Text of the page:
Other reviews: (manually generated)
Steph Su Reads
Persnickety Snark
The Story Siren

21 thoughts on “Dairy Queen by Catherine Gilbert Murdock

  1. I really liked reading your review of this chachic. I felt very much the same way as you (I gave it 3 stars over on goodreads). I enjoyed it ~ but somehow felt a little bit bored in parts and I don’t really know why? I do know most my friends love this one oh-so-much so I found it a little odd that i didn;t. I was expecting to fall in love with it, you know?

    also ~ wow ~ you got a great bargain with it!

    (i haven;t read any of the others either and prob wont… I bought the first one but can;t see myself paying full price for the rest)

    • Thanks Nomes! Good to know that we had a similar reaction to this one. I gave it 3 stars on Goodreads too. I did enjoy reading it but I didn’t love it as much as some of the others did. It’s not that I had problems with the book because it was easy to read, I just wasn’t as enthusiastic about it as I was expecting. Maybe I have high expectations when it comes to contemporary YA?

  2. I’m glad you read this one and sad you didn’t love it – if that makes any sense. For me, I think it was one of the first YA contemp novels that I felt like actually rang true (instead of just some girl finding her true love) and I loved how DJ really struggled with her own sense of self. Also I may be partial to football myself so her family’s obsession with the sport was quite familiar 😉 Mainly I just loved reading about a teenage girl who says to heck with everyone and does exactly what she feels like.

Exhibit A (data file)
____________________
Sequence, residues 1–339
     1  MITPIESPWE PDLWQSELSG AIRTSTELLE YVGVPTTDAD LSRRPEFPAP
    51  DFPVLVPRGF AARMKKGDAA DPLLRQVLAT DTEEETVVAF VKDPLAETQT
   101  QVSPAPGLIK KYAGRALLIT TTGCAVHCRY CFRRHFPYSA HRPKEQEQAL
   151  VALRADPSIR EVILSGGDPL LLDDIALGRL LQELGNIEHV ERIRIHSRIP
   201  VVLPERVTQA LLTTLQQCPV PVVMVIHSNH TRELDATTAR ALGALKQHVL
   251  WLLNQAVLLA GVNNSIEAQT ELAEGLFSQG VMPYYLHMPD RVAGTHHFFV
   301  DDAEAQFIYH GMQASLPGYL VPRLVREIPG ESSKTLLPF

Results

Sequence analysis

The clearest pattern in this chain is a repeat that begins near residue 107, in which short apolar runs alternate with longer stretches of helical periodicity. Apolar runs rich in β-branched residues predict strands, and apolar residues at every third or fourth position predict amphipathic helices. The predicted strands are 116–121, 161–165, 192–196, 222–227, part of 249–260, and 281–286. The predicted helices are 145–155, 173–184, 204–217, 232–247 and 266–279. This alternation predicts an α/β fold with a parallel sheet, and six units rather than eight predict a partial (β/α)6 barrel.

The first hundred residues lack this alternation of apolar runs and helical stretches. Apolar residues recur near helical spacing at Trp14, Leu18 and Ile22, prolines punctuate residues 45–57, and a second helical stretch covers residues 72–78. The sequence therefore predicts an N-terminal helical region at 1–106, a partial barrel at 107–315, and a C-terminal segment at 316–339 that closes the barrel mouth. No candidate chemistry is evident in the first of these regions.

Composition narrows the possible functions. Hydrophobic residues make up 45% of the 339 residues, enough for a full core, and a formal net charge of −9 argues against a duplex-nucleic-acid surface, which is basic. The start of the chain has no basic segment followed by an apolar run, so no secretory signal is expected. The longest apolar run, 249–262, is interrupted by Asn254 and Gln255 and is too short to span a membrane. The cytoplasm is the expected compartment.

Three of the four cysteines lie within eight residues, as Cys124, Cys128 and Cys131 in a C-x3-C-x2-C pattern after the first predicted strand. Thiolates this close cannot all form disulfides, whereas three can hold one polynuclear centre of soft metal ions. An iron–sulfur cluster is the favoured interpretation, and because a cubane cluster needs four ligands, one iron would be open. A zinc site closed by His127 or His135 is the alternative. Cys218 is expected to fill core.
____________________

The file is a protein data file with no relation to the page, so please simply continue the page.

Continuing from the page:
If you didn’t love this one, then you probably won’t love THE OFF SEASON either – but I did enjoy FRONT & CENTER (#3).

    • Yes, that makes sense. I’m sorry I felt that way too, I wanted to love it as much as you did. I did like D.J. and how she came to her own. Maybe if I read this when I was younger or if I haven’t read a lot of contemporary YA. And maybe my not knowing anything about football was also a factor? In any case, I’m glad I got to read it based on your recommendation. 🙂

      Thanks for the tip about the sequel! Might not pick it up then unless I find really affordable copies.

  3. I really need to pick up the Dairy Queen series. I guess because I am into football and grew up in a small town I think these books will speak to me.

    Sucks that you didn’t fall in love with Dairy Queen, but hey it happens.

    • If you’re a football fan then I have a feeling you’ll like it a lot more than I did. I look forward to hearing what you think!

      Yeah, it happens. It would be boring if we all felt the same way about all books.

  4. You got this for just P20? I think my copy was more expensive!

    DJ sounds like my kind of girl! Even though you didn’t love it, I’m looking forward to reading this.:)

    • Yes, I got it for just P20! Great bargain, right? I think I bought it from the Book Sale in Cubao after an FBB meet up.

      I hope you get to read this soon, I did like it but you might end up loving it more. 🙂

  5. Don’t you just love Booksale finds? If I come across this in Booksale, I might pick it up. Was that in the YA/kids section or in general fiction?

    Also, I’m assuming that the football in this book is American football and not what’s known as soccer over there and football in the rest of the world?